The provisional diagnoses of the patient were transverse myelitis or central cord compression. The patient underwent magnetic resonance imaging (MRI) of the cervical spine, which demonstrated degenerative changes in the cervical spine, most notably at the C5/C6 and C6/C7 levels, with reduced intervertebral disc space, osteophyte formation, and posterior element degenerative changes in the form of facet joints arthropathy and thickening of ligamentum flavum resulting in marked central canal stenosis and spinal cord compression with increased T2 signal intensity at the affected levels representing myelopathy changes (Fig. 1).

Fig. 1
figure 1

Pre-operative sagittal (A) and axial (B) T2-weighted MRI image of cervical spine demonstrated marked central canal stenosis at the C5/C6 and C6/C7 levels (arrows), resulting in spinal cord compression and myelopathic changes

The clinical and radiological findings were discussed in the multidisciplinary meeting. Surgical intervention for cervical spine decompression was planned. The procedure was made using the anterior approach. The surgery was performed under neuromonitoring. Complete discectomy for the levels C3/C4, C5/C6, and C6/C7 was performed. Integrated plate/cage devices placed after being pre-filled with bone graft. Then, screws have been inserted into each device. Fluoroscopy confirmed the correct placement of the plates and screws. The wound was irrigated and closed in a regular manner. The patient had uneventful recovery. Examination of the upper and lower limbs revealed no motor or sensory deficit postoperatively.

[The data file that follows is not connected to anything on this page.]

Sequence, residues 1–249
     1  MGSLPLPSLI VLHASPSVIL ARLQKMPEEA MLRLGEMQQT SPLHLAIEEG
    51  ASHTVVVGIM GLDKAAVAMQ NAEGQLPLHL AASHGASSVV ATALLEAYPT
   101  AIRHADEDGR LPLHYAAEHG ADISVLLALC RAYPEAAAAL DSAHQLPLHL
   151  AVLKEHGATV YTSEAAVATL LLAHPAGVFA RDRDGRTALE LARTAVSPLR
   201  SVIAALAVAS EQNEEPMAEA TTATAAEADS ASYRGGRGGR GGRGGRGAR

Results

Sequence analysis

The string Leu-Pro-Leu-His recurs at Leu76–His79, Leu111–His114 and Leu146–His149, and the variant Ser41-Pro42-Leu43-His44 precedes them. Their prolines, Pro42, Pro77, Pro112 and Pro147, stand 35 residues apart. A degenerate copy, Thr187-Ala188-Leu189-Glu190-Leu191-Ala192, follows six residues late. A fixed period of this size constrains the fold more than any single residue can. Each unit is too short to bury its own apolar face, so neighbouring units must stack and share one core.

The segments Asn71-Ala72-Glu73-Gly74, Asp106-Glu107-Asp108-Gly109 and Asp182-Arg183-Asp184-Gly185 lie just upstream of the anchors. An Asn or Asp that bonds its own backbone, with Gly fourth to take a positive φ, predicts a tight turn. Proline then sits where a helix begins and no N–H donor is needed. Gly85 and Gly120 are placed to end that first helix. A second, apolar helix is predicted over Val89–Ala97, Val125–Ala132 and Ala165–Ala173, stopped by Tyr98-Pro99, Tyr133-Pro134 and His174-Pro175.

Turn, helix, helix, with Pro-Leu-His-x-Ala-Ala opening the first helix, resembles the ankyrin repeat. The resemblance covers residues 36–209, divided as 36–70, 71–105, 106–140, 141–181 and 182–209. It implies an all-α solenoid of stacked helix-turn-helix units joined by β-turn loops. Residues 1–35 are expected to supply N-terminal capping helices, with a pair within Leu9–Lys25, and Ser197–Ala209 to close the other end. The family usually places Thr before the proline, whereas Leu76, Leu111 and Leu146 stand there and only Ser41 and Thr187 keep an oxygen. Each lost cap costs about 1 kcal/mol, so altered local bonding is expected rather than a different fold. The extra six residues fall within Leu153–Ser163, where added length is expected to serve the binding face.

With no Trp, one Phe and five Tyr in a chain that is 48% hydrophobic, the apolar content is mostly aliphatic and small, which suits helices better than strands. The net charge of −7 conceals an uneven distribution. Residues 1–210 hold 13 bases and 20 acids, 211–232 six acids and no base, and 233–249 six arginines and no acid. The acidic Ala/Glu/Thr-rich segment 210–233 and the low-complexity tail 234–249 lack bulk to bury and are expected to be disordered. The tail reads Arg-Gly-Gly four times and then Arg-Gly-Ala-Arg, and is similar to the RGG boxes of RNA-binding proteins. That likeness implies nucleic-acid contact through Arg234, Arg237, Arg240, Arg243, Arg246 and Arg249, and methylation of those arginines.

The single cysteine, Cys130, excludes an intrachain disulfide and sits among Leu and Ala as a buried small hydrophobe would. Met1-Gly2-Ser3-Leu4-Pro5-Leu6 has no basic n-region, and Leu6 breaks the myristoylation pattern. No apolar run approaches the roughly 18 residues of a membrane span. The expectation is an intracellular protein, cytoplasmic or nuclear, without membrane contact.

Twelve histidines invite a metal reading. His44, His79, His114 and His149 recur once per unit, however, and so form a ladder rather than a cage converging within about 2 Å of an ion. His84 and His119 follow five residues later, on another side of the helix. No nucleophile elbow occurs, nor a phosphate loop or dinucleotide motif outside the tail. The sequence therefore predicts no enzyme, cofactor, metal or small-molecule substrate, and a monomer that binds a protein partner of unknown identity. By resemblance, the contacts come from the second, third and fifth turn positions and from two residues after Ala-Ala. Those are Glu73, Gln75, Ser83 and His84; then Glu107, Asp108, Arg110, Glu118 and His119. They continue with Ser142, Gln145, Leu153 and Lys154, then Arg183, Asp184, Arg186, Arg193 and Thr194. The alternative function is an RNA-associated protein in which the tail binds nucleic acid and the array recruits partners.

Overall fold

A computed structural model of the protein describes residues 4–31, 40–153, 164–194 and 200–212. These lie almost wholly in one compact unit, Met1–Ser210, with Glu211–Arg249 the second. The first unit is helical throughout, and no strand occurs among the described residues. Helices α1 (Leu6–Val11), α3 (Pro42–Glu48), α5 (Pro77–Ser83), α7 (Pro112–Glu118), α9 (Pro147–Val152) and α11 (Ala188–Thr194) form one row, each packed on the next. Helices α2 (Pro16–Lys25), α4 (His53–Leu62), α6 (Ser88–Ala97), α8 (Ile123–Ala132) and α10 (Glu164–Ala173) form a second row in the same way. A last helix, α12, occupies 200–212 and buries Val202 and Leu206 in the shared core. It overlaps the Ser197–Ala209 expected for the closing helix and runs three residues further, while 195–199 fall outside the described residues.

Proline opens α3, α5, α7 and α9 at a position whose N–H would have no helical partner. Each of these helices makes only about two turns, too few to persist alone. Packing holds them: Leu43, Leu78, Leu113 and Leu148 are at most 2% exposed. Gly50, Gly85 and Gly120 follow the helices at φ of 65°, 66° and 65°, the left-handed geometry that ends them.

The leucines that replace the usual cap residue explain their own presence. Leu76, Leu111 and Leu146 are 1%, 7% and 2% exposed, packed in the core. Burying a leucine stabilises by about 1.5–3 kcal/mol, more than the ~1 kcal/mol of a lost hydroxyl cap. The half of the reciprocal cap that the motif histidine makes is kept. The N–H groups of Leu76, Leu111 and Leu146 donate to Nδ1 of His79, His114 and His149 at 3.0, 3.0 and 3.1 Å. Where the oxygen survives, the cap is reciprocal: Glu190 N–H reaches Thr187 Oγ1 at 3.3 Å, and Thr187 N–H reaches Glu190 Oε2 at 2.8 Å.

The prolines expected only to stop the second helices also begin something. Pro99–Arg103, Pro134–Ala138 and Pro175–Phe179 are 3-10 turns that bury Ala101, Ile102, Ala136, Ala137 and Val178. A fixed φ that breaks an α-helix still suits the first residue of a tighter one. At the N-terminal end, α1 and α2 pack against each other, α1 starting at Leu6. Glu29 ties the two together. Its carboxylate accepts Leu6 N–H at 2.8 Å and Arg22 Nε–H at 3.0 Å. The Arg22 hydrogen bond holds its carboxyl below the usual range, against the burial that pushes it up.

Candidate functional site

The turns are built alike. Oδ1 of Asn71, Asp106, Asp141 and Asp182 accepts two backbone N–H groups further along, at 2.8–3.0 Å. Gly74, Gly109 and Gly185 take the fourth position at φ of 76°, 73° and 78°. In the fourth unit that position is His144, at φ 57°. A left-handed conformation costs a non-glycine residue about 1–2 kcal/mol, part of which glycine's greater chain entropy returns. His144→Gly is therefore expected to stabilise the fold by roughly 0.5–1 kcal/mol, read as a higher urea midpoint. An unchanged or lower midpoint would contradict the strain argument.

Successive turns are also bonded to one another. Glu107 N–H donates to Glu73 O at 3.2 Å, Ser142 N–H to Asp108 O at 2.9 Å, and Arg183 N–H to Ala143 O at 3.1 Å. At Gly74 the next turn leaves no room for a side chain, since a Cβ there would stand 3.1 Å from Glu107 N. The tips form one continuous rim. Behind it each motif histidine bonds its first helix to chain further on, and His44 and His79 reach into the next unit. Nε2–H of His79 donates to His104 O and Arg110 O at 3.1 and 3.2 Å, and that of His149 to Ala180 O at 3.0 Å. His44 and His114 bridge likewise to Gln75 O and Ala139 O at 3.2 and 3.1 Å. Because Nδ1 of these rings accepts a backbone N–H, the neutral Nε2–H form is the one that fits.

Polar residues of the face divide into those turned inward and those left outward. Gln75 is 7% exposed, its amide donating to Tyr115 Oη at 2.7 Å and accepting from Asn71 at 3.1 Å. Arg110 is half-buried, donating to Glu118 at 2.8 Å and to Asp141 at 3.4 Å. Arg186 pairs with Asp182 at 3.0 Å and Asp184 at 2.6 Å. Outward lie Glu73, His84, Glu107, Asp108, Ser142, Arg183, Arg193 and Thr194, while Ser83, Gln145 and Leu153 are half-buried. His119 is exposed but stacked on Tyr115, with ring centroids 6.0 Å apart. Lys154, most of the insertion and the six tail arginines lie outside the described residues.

One day later, the patient experienced progressive weakness in his both upper and lower extremities with 0/5 motor strength throughout. Whole spine MRI study was performed to identify the underlying cause of neurological deterioration. The study demonstrated abnormal signal intensity in the spinal cord on T2-weighted images at the levels C5 to C7 (Fig. 2). However, no localized fluid collection or hematoma were observed. The aforementioned findings represented changes of cord reperfusion syndrome. The patient was administered intravenous methylprednisolone therapy at a dose of 8 mg twice daily for 4 days. Gradual improvement in the muscle power in his both extremities was noted. The patient was discharged in a satisfactory neurological outcome. One month later, the MRI study was repeated and showed regression of the previously seen high T2 signal intensity in the cervical spine (Fig. 3).